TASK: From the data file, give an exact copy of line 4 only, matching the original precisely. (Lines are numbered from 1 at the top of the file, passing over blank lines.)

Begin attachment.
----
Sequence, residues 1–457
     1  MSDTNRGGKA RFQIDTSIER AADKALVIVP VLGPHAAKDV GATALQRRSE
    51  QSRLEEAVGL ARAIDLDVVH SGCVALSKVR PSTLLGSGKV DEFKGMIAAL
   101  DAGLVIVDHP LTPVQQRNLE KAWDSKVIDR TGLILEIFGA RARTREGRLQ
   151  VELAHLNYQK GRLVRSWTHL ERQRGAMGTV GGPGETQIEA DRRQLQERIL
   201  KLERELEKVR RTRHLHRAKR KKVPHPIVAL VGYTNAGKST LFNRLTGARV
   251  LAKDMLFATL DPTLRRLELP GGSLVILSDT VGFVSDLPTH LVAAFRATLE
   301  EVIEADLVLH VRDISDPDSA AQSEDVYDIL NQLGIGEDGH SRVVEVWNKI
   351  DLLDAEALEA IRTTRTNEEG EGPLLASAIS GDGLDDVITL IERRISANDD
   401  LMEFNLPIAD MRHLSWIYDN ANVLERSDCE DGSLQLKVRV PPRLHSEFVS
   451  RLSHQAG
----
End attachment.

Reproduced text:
   101  DAGLVIVDHP LTPVQQRNLE KAWDSKVIDR TGLILEIFGA RARTREGRLQ